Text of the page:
View Full Version : Yihe quan

5th November 2002, 07:58
hi there i noticed a description of this chinese boxing in a french
website (webmartial.com)
and they say it was created by Wang Xian Zhai in 1925 and that it
belong to the shaoling tradition.
any thought?

10th November 2002, 06:44
appologies for this missinformation, i discovered that this website made a mistake, they wanted to say Yiquan, a martial are coming from
xing yi quan, without connection with shaoling.....


11th November 2002, 09:55

I found the following statement from http://www.yiquan.com.pl/history.html.

"Wang (Xian Zhai) went to the South to search after greatest masters of martial arts. First he went to Shaolin Temple, where he learned xinyiba (a system related to xingyiquan) from monk Henglin (also known as Changlin or Xianglin - later Doshin So, founder of Shorinji Kempo, learned from the same monk)."

Any thoughts about this?

Santeri Laitinen
Jyväskylä Shorinji Kempo Branch

Robert Liljeblad
11th November 2002, 14:18

If I understand, according to the website:

Xinyiba is the same as North Shaolin Giwamon Ken ???


Henglin, Changlin or Xianglin should be Wen Taizong (So Doshins teacher)???

Is this correct?


12th November 2002, 23:56
Could be, Robert. One of the problems that makes keeping track so difficult (or reading the Kyohan for that matter!) is that Buddhist monks often take another, Buddhist, name when they enter a monkish order, and that name may change as they rise through the ranks. That way, John Smith may become Bodi Mitra, who will later be called Harshaprabha, who will later called...
You have to be a genealogist to keep it all straight... ;)

17th February 2003, 15:55
Hi there
I have been doing research on Shorinji Kempo roots for some years, and I can say the following:
Yihe Quan is a boxing style and also a secret society.
As far as I know, Yihe Quan society was founded by somebody called Chu Hungtang from Shandong. Another theory is that Yihe Quan sect was created by Zhou Hongyi from Zhili at the end of the Ming dynasty. I don´t know whether Chu Hungtang and Zhou Hongyi are the same individual with different transcription of his name or they are two diferent individuals.
Apparently, at the beginning Chu Hungtang stressed only on Kung Fu practice, without teaching any philosophy, but years later, after reading some books about Bagua sect and White Lotus society, he turned Yihe Quan into a philosophical society, which later took part in the Boxer Uprising.
As a boxing style, and according to many Kung Fu masters, Yihe Quan is the same as Meihua Quan (Plum Blossom Boxing). Apparently Chu Hungtang did Meihua Quan and taught his style to Yihe Quan members. Later, during Boxers Rebellion, masters of others styles joined Yihe Quan society.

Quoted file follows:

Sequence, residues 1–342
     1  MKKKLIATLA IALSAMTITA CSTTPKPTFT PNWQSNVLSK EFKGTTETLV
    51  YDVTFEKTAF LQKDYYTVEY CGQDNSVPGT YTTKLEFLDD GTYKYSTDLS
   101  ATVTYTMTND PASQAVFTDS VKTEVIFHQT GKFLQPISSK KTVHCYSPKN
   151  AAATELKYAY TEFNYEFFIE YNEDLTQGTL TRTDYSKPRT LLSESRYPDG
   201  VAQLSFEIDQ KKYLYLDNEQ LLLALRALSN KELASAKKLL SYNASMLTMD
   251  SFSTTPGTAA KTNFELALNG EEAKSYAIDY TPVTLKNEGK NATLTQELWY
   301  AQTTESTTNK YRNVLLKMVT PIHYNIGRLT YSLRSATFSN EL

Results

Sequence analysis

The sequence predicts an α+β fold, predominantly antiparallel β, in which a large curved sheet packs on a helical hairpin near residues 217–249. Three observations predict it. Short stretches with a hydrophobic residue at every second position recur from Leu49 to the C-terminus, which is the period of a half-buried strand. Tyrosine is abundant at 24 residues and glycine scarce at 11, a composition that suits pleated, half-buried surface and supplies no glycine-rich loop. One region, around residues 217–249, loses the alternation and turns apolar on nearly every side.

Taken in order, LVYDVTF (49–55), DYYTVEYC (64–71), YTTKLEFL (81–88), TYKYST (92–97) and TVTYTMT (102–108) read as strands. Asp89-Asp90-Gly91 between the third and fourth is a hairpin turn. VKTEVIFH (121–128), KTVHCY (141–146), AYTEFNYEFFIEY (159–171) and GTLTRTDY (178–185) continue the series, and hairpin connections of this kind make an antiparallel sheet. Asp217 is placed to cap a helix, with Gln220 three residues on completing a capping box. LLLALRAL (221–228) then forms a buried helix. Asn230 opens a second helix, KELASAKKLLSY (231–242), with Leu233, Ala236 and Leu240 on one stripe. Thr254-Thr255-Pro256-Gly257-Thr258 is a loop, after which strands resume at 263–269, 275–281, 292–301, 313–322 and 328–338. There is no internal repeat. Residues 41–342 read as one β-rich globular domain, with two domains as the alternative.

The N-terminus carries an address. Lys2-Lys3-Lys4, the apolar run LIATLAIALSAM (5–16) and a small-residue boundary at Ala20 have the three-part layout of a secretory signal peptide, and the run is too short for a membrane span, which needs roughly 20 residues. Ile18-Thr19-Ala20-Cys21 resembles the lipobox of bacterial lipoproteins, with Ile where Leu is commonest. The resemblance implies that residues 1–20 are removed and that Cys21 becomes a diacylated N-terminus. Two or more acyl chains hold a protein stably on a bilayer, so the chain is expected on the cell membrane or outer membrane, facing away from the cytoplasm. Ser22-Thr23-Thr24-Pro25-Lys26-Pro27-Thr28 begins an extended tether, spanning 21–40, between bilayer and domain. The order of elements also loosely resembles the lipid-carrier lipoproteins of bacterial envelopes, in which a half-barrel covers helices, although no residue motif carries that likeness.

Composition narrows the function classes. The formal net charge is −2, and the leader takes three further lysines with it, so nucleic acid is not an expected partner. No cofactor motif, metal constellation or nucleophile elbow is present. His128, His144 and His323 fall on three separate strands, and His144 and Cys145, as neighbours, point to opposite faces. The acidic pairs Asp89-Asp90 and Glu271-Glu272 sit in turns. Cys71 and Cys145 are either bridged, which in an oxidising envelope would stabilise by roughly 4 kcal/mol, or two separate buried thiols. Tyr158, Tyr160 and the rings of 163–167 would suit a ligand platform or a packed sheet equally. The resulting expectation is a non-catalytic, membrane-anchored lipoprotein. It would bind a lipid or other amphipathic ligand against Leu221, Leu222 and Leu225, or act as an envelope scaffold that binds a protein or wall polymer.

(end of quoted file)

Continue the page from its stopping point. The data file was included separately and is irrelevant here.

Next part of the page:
As regards Wan Xian Zhai, he is the founder of Yi Quan, a different style from Yihe Quan, which bears no relation to this one. Yi Quan is based on Xingyi Quan, another famous Kung Fu style.
In relation to Wen Taizong´s name, I must say that he was also known as Ziming, but I have never heard other names of him, though I have read other transcriptions from chinese as Wen Lao Cho or Wen Lanshi.
Rogelio Casero

18th February 2003, 14:04
please enlight me,
i remember reading a comic book (quite funy pictures) in japanese about so doshin life, and at once, the master taught him a technic that he called GOKA KEN, the prononciation is corect as there were some hiragana printed for that matter but the kanji of GO is the same that can be use for five, and for KA i recognise the kanji of hana (HUA) flower

of in fact shorinji kempo would be based on MEI HUA QUAN?

18th February 2003, 21:45
Gokaken is a family of techniques within Shorinji Kempo, Jimi, not a single technique. You're right that the Chinese is Mei Hua Chu'an.

20th February 2003, 15:35
I don´t think Shorinji Kempo is based on Meihua Quan, although Meihua Quan might have some influence over Shorinji Kempo.
On the other hand, GOKAKEN is “Wuhua Quan” in chinese (Five Flowers Boxing). Apparently these techniques were taught to So Doshin by Wen Taizong as well as Yihe Quan. I have been looking for “flowers styles” and, apart from Meihua Quan, I have only found three references:
WUHUA PAO QUAN (Five Flowers Cannon Boxing): This style has five forms, internal and external practice, and it is characterized by flexibility controlling strength. It has individual forms and two men drills (tuishou).
WUHUA PAO: In Xingyi Quan style exists a form called Wuhua Pao. It is a two men form.
HUA QUAN (Flower Style): This is a style attributed to Gan Fengchi during the early Qing dynasty. This style has 120 forms of sanshou (two men), 72 holding techniques, 36 leg techniques, 24 stances and 88 falling techniques.
Actually, I don´t know if Shorinji Kempo has to do with some of these styles; in any case I don´t think Shorinji Kempo has much influence from only one chinese style, but rather from several chinese and japanese styles, and especially from So Doshin´s brilliant mind.

Rogelio Casero